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The book truly comes to life as narrated by Lloyd James, a veteran of more than 400 audiobooks. James uses his even, soothing baritone to create a sense of momentum and suspenseno small feat in a novel written mostly in third person description, with bits of dialogue few and far between. Pauses, both subtle and pronounced, accomplish the significance. "He liked the diaphanous allure of fishnets. They were"pause"an enticement in the guise of a barrier," he reads during the first meeting of the arms dealer and the burlesque dancer. When there is dialogue, James alters his tone, making clear what the author intends that character to represent (strength, stupidity, tragedy). With many characters narrating and few ways to distinguish them through dialogue, Telex can be a bit challenging to follow, but for those who do, there's a real pay-off: The colorful imagery and masterful analogies Kushner sprinkles liberally throughout her tale recreate a historical time with a love and understanding, for both sides, rarely seen. Kelly Marages
At the time, urgent news was conveyed by telex. Kushner's first novel is a tour de force, haunting and compelling, with the urgency of a telex from a forgotten time and place.
"Gorgeously written.... An imaginative work that brings Cuban-American history to life." ( Kirkus Reviews)
Customer ReviewsMost Helpful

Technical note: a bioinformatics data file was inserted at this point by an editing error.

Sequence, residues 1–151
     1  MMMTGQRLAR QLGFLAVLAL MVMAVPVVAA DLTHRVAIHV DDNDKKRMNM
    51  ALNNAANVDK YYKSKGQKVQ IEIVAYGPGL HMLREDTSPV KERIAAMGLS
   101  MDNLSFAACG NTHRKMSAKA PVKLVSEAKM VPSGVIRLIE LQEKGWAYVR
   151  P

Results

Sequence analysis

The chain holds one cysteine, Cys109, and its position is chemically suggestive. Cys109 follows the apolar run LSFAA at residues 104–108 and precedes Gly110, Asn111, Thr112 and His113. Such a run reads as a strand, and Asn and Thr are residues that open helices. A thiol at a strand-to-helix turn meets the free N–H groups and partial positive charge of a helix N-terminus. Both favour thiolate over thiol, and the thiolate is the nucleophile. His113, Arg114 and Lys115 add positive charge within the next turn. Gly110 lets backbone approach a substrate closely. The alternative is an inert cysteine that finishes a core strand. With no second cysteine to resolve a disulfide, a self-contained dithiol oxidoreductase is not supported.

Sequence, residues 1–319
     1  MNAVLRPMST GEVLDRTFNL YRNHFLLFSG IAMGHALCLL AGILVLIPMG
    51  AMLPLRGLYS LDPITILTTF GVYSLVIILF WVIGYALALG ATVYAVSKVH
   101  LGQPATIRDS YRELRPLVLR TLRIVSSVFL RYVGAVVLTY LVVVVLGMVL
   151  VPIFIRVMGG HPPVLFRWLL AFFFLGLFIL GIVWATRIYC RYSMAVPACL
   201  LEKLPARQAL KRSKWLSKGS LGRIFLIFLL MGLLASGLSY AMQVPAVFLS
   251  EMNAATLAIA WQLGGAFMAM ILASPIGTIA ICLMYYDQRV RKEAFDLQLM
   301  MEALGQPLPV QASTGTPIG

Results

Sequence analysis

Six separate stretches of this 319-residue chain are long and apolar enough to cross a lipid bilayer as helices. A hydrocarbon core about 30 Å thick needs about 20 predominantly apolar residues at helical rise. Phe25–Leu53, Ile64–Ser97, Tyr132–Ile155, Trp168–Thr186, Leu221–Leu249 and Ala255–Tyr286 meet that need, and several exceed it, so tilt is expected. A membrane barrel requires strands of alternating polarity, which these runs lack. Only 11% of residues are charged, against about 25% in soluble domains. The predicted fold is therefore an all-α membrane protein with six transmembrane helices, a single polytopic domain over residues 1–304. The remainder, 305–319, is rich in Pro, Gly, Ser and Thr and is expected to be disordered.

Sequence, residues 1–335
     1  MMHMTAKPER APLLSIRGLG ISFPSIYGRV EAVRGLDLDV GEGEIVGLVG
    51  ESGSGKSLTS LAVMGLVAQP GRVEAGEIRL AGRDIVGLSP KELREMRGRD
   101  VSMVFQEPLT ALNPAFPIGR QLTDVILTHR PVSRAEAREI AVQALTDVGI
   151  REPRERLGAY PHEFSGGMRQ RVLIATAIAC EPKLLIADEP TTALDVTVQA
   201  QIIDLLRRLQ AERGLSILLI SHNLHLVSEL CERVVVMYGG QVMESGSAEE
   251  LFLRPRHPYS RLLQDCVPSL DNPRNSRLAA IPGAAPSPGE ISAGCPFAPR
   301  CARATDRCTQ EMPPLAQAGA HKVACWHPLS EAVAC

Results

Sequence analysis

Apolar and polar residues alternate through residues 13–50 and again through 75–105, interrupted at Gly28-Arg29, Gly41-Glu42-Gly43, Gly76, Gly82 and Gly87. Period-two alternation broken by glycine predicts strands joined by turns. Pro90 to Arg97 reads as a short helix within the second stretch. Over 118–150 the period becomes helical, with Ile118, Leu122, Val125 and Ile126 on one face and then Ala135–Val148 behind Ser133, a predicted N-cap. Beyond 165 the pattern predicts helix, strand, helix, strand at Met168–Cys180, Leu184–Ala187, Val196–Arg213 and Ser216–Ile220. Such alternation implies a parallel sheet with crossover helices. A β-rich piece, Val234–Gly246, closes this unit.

By Magin La Grave on 11-26-08
Nostalgic and great history
A nostalgic introspectic tale of a young american living in the great time of Cubas revolution. Credible characters with a social raw truth of the era. Very well delivered.
33 of 36 people found this review helpful
By Joel on 05-09-09
Not as good as I'd hoped
Telex from Cuba is set in pre-revolutionary Cuba, which attracted me to the book right away. I find Cuban culture and history fascinating and I therefore had high hopes for Telex. However, I was disappointed.
Kushner's characters are purported to be the main draw to this novel, but I found them to be generally uninteresting with the exception of the Stites. The historical events are barely commented on at all and what we're left with is a very slow-moving book. For every few lines of actual plot advancement, we're subjected to pages of the characters' thoughts. Some might enjoy this style, but I found that it made the book interminable. In fact, there were multiple times near the end when I found myself thinking that the book was over but being disappointed to discover that it went on.
The narrator that was chosen is dull and somewhat monotone. Seeing as this book is set in Cuba, I would have thought that someone who had a basic ability to pronounce Spanish words would have been selected, but in this I was disappointed. He butchers the Spanish throughout the novel, whether the words were those of the Americanos or of the Cubans.
In fact, the narrator was responsible for the most disappointing part of the novel: the climax. Just as Fidel ends his revolutionary speech, the crowd erupts in "Viva Castro! Viva la revolucion!" However, in delivering this dramatic moment, the narrator in all honesty sounded like a lisping Scooby Doo. It was uninspiring to say the least.
I considered rating this book one star for the fact that Kushner took the liberty to involve Fidel in a homosexual episode. However, for the parts that involved the Stites, which were genuinely compelling, I gave it two instead.
6 of 6 people found this review helpful